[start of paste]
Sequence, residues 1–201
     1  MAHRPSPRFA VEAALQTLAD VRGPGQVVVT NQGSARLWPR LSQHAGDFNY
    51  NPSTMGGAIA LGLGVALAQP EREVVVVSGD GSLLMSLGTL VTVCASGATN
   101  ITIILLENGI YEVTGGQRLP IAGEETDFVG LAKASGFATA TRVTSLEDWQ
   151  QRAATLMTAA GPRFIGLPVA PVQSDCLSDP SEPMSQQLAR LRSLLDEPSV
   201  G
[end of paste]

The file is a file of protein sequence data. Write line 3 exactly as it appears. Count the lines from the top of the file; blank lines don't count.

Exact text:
    51  NPSTMGGAIA LGLGVALAQP EREVVVVSGD GSLLMSLGTL VTVCASGATN